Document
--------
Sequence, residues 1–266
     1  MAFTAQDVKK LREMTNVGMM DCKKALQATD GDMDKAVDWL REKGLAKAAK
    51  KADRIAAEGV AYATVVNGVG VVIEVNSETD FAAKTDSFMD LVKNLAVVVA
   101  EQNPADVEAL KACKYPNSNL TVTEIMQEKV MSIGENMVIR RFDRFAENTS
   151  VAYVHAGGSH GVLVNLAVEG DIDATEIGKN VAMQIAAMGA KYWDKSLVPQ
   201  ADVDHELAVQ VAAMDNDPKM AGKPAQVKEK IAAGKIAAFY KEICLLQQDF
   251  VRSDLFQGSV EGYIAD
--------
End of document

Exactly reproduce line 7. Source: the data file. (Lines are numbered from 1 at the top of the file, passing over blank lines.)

   251  VRSDLFQGSV EGYIAD